Yesterday, I encountered racism, so I decided to write about it because ENOUGH IS ENOUGH.
Yesterday, I encountered racism and I was shocked as if it was the first time I had ever lived it, but then I wondered why I surprised. It wasn’t the first time, but God knows just how many times.
Yesterday, I encountered racism and it reminded me of all the other times it happened to me since I was a kid. It happened to my parents more times than it happened to me, but I’m slowly catching up on the number of times.
Yesterday, my parents and I decided to grab coffee at McDonald’s by the drive-through. Turns out we took the wrong lane and this (white) guy behind us, from his car, claims that we took his place and that we cut the line.He arrived after us. We told him that we didn’t know since we are not from here (and by that we meant, “we are not from Casselman [but we are Canadians]”). He spit out ignorance, saying, “I can tell!” and moved his car forward as if to hit ours (in order to scare us). Then the woman next to him, on the passenger seat, took out her phone to pictures of us and our car. What are you going to do, I thought. Call the police. Tell them we look like illegal refugees whom you can tell from your uneducated eyes that are not from here. But I can tell you didn’t go to school or passed your history class because if you did, you would’ve known that you don’t come here either. This land belongs to the First Nations, not to white people.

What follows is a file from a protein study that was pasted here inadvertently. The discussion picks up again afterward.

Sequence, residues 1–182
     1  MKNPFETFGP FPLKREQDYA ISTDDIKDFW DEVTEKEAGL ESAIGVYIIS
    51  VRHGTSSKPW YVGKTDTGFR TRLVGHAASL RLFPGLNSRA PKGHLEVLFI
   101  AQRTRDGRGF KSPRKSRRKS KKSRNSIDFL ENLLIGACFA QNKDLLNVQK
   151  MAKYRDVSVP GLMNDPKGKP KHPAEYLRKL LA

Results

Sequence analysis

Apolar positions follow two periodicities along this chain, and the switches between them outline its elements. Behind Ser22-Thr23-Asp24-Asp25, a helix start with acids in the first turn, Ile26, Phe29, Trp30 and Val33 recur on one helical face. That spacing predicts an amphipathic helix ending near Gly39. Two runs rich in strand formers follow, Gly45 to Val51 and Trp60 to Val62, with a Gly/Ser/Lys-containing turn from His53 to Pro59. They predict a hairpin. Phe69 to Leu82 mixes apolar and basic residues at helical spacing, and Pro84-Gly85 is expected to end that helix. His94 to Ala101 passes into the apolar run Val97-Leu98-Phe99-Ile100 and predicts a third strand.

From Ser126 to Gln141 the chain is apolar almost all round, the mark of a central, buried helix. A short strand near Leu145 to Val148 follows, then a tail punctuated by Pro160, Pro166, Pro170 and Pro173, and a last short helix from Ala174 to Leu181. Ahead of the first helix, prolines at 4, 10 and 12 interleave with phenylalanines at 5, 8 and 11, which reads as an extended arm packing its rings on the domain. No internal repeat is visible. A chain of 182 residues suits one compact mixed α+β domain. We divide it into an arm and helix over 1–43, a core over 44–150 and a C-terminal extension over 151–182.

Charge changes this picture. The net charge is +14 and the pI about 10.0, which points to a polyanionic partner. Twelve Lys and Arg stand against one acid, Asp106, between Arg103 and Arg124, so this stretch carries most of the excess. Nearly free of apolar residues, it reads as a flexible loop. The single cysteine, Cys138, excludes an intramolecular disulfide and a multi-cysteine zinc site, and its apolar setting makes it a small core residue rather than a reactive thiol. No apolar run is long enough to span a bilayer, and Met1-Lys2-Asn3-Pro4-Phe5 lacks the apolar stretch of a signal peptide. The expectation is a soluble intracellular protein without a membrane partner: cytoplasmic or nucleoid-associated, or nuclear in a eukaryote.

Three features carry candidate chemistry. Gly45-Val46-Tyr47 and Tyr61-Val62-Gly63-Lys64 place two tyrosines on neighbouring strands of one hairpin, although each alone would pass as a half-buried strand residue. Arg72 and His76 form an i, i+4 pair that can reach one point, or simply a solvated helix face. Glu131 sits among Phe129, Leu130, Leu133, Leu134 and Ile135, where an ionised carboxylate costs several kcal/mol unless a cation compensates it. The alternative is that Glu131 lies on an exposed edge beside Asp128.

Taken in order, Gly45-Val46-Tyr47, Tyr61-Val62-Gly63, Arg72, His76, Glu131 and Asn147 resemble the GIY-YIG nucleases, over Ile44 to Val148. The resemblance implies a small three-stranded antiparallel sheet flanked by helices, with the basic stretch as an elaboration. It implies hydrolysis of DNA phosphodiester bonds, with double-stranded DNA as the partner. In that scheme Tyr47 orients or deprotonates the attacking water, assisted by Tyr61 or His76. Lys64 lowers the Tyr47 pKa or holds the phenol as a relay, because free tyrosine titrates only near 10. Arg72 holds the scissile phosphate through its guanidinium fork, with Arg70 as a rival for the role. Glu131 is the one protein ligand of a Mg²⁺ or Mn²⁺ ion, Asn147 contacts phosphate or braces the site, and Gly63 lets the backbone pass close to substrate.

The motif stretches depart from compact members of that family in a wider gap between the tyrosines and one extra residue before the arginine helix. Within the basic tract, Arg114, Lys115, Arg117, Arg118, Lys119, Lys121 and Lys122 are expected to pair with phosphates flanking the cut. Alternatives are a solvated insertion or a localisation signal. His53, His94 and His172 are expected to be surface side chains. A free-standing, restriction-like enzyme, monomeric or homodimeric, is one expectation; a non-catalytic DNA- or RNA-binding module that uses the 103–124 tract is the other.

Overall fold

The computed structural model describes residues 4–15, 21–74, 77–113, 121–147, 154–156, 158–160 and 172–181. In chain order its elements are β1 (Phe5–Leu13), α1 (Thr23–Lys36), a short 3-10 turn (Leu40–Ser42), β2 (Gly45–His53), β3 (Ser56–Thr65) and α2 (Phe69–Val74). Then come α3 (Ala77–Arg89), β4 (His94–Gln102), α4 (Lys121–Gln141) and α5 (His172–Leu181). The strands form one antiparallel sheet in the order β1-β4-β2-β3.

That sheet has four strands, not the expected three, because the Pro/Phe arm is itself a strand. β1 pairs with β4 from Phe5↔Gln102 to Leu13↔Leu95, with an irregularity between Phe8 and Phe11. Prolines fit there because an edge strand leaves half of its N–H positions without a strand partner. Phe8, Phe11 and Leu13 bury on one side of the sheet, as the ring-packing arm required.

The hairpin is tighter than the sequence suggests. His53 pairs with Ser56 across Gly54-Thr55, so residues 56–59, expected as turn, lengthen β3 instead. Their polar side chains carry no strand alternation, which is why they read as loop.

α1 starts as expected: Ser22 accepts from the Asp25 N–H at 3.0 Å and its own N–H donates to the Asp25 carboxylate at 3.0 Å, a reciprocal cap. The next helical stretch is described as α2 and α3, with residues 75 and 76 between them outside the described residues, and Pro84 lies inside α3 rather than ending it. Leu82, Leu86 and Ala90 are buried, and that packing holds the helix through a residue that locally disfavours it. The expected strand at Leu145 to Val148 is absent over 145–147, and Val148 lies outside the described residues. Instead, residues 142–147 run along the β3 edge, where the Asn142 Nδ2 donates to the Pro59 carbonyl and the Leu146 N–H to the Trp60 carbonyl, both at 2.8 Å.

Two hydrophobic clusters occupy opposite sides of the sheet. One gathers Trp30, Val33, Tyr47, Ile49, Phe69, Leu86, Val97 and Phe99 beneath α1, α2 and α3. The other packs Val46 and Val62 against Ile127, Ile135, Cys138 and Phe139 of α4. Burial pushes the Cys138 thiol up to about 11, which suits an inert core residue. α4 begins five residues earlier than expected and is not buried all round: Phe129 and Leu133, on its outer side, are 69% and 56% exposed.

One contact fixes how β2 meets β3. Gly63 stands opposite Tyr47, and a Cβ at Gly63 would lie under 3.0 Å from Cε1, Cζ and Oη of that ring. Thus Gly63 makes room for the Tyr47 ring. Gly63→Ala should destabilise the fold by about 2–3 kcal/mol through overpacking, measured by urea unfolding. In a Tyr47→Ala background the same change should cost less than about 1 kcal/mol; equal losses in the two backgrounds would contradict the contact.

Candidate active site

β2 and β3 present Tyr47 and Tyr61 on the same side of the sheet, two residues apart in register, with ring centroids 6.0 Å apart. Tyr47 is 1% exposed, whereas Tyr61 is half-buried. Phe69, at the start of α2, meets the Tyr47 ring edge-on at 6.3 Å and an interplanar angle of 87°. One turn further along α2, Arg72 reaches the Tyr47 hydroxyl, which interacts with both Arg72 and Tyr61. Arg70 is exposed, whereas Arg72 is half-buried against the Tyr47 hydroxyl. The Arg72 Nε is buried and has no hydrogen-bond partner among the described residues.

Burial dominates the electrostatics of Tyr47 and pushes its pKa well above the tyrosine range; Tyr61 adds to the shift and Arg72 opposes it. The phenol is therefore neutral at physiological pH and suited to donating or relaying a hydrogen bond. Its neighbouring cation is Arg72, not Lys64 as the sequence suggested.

Today, I remember the time before that when there was this white man and his wife who threw at us a Tim Hortons cup, while we were driving. It hit the car so hard I thought the window broke in pieces. And you think these things don’t happen because we live in Canada.
Today, I’ve come to accept that, because of my skin colour, I am not allowed to make mistakes. I am not allowed to take a wrong turn or change lanes and exceed a car. I’ve come to accept that I’ll always be perceived as inferior, as a criminal, or as a nobody because the colour of my skin. I’m reminded every day that a white person can get away with white privilege the same way a politician can get away with fraud.
Today, I pray to God to forgive me because I couldn’t help myself, but yell, “You’re racist!” Like I thought he’d be ashamed if I called him out. It’s hard to be a Christian nowadays. Real hard. I forgot, in the heat of the moment, that I was supposed to love my enemy. I failed to realize that situation was offering me humility. I could’ve been a light to a scarred soul.
Today, I keep asking myself why it happened. I believe that everything happens for a reason. Although we were separated by cars, I can still feel the spit of his “I can tell!” Maybe the reason is simply that the coffee I would’ve bought could’ve hurt my tummy. Or maybe the reason was to see the anger and loneliness and his eyes and put myself in his shoes and ultimately, feel a glimpse of compassion or empathy.
In my case, when I got home I found love, peace, and joy. But I wondered, with this attitude, what would he find? I can’t say for sure. Maybe meaningless friends to whom he’ll say something like, “You won’t believe what I saw today: immigrants thinking this land is theirs!” Or maybe nothing. Nothing at all.